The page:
Litchi and Lemon Sorbet

This sorbet is fruity and fresh (and vegan!)

Litchi was always a prominent feature of my childhood and I would wait for the season when my dad with return with a bunch, literally a bunch of litchis on their branches with leaves, bought fresh from a roadside vendor. He also had the unenviable task of peeling them for me – all that was left for me to do was relish in the fruity joys of summer.

Alas, all that remains is now a fond memory – fresh litchis in Cape Town are a lot scarcer than in Durban. You can then imagine my delight when I happened to stumble across them at one of our local markets one weekend. “Freshly flown in from Durban” , as the lady selling them put it.

All too excited at the sight, I immediately grabbed a bunch – had a moment of self-doubt – and then swiftly proceeded to grab another. It turns out the second one was one too many, and I had to find use for it in a dessert. Challenge accepted!

Synonymous with summer is also ice cream, but wanting to keep the recipe ingredients minimal and low maintenance, I opted for a sorbet rather than an ice cream. The litchi flavour was rather subtle and I wanted something really bright and refreshing, so paired it with my most loved zing of lemon which really dances when it hits your pallet.

You freeze the litchis, make a syrup, blitz everything together and freeze! It really could not be easier.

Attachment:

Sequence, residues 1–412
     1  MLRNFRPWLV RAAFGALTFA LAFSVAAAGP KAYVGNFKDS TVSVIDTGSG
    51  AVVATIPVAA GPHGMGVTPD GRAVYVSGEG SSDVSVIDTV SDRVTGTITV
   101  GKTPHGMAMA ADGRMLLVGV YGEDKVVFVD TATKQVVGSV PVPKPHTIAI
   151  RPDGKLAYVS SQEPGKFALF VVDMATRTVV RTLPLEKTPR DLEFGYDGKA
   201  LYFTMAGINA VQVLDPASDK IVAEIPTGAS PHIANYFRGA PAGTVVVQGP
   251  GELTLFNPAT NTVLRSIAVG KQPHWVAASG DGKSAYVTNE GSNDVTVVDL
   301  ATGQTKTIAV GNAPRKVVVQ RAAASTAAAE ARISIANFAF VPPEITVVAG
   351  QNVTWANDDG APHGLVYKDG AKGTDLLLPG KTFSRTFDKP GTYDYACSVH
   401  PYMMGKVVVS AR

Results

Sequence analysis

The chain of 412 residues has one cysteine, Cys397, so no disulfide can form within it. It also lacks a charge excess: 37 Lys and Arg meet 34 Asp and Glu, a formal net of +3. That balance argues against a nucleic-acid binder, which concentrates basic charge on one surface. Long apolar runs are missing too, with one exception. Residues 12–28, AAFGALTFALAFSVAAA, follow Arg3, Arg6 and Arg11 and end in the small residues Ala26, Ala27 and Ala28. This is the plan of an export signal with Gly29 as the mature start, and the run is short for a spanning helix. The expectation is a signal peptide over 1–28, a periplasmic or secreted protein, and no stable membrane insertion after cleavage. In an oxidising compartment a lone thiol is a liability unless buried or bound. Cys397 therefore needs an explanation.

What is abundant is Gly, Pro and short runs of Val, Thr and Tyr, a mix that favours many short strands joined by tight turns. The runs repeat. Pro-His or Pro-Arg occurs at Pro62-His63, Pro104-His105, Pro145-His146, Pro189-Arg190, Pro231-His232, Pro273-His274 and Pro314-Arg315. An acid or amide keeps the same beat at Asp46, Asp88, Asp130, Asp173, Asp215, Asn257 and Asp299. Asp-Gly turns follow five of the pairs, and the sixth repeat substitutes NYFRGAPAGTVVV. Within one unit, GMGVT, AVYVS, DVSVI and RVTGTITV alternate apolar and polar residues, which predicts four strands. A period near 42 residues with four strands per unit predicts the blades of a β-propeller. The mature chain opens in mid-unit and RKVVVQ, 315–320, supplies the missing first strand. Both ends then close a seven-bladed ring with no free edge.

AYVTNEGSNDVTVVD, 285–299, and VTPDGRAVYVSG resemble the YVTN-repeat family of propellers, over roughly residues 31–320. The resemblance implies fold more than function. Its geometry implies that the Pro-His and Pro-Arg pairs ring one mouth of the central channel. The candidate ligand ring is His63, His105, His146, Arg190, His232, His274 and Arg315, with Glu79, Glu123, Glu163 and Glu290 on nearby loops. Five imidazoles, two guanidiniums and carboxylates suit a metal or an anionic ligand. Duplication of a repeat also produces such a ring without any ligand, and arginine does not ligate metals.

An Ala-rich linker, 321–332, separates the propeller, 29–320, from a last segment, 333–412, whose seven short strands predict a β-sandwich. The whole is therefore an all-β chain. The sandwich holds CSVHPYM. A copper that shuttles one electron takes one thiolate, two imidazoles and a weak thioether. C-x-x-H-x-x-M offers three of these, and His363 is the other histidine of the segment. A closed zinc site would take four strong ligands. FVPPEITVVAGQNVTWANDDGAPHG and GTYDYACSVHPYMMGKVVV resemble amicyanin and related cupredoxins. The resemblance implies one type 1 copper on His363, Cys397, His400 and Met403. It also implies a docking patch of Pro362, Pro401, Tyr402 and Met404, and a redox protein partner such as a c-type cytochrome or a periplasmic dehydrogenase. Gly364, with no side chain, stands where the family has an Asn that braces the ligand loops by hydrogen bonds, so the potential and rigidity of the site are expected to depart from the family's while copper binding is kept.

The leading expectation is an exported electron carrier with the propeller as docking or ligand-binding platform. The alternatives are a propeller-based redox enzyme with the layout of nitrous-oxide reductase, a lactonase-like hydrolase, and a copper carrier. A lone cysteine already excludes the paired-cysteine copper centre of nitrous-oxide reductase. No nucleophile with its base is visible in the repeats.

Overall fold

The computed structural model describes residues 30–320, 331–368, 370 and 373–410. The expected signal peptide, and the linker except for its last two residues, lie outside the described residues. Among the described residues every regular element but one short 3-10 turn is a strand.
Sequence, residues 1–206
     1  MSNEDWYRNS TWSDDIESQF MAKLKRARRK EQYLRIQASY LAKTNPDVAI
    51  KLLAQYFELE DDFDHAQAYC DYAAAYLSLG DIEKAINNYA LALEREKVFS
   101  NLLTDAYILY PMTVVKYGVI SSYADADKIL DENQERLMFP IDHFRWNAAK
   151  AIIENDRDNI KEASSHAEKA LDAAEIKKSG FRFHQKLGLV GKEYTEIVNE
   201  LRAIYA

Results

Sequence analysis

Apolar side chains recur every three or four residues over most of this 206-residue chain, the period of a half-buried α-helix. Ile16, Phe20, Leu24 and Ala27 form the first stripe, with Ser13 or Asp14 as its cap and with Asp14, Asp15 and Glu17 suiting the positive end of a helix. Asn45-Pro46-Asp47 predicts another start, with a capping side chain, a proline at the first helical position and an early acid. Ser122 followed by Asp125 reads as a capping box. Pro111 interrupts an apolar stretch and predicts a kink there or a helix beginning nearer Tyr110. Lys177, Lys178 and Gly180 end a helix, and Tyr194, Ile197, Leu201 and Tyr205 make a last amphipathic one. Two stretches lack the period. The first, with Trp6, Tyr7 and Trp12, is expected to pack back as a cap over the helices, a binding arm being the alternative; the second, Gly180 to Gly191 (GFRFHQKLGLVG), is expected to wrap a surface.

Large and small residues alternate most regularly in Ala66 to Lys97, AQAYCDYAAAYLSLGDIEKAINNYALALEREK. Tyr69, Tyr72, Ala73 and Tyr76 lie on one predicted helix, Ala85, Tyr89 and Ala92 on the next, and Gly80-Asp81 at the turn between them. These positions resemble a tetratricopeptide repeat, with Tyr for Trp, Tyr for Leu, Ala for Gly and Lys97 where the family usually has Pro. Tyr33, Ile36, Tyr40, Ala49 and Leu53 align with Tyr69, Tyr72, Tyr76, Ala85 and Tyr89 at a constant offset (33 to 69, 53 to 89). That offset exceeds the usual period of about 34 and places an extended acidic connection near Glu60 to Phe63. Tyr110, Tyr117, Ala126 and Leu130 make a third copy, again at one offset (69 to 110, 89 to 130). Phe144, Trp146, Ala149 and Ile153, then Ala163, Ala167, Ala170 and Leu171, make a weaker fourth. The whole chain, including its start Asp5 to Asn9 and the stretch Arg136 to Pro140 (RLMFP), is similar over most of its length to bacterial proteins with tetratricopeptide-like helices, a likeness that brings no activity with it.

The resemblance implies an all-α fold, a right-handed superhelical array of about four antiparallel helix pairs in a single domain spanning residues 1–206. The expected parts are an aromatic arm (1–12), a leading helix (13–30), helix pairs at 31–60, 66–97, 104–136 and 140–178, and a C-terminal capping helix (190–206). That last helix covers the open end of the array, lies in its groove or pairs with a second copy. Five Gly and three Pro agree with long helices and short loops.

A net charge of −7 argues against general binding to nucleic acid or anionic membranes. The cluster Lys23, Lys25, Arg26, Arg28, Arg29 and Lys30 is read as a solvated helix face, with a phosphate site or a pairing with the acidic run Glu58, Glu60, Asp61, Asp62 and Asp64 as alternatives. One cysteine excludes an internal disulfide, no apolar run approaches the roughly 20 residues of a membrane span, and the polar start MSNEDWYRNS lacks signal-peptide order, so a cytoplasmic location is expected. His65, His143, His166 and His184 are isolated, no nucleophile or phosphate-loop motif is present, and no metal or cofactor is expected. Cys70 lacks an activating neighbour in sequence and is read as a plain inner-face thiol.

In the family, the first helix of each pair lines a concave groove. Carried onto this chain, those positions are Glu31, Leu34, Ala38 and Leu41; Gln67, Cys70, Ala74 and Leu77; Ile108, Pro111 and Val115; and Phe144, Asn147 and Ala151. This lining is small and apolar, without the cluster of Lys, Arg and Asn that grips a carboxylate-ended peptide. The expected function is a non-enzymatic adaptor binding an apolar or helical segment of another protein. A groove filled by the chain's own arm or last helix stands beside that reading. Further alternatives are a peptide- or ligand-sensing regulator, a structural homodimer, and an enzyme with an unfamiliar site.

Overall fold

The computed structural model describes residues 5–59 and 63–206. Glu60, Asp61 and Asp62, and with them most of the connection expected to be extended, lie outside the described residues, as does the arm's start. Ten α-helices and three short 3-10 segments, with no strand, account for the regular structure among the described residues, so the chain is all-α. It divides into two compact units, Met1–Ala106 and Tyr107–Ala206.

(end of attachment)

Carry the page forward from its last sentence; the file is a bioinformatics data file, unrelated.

If you make this recipe, please share it with me by tagging me on Instagram @adventureswithsugar or on Facebook at Adventures with Sugar. Please also leave a comment below to let me know how you got on with the recipe.

TIPS FOR MAKING THIS LITCHI AND LEMON SORBET

  • Is it necessary to freeze the fruit before blitzing it? Yes, the fruit contains a fair amount of water and freezing it first ensures that when you refreeze it, it sets up firm. If you were to blitz the fresh fruit with the syrup, it would not set in the freezer.
  • Can you use sugar instead of glucose? You can, but your sorbet will not be a smooth and creamy. Sugar syrup is not very thick. Glucose syrup, on the other hand, is viscous, and adds a rich, full-bodied texture to your sorbet. A thicker sorbet base implies one which is creamier. If you want to use sugar, use 200g sugar and 250ml water to make a syrup, then add it to the frozen fruit and churn.
  • Can I omit the vodka in the recipe? Yes. Alcohol reduces the freezing point of the sorbet, which means it does not freeze rock hard. If you omit the vodka, it may have a less smooth mouthfeel.
  • Some recipes make sorbet from only the fruit alone. How is that? Many canned fruits such as peaches, pineapples and even litchis are preserved in a simple syrup. So all you need to do is blitz the fruit together and freeze the blitzed fruit until solid. Then blitz again and viola – you have sorbet. This is not as smooth and a bit more icy than the sorbet made with glucose syrup.

FOR THE LITCHI AND LEMON SORBET (SERVES 4)

  • 450g fresh or canned litchis, syrup drained if using a can
  • 80ml lemon juice
  • 60ml vodka
  • 180g glucose syrup

METHOD

  1. Remove the peels of the litchis, deseed and place in the freezer for at least 12 hours until frozen.
  2. Once frozen, place the vodka, lemon juice and glucose syrup in a small saucepan on medium heat, until the glucose has melted and the syrup begins to bubble.
  3. Let it cool down until tepid.
  4. Place the frozen litchis in a blender or food processor and add the syrup to it.
  5. Blitz until you have a slushy mixture. The mixture will be more lose, as opposed to thick.
  6. Pour into a freezer safe container and freezer for 8 hours, ideally overnight.
  7. When ready to serve, remove the sorbet from the freezer five minutes prior.

Recipe by adventureswithsugar.com

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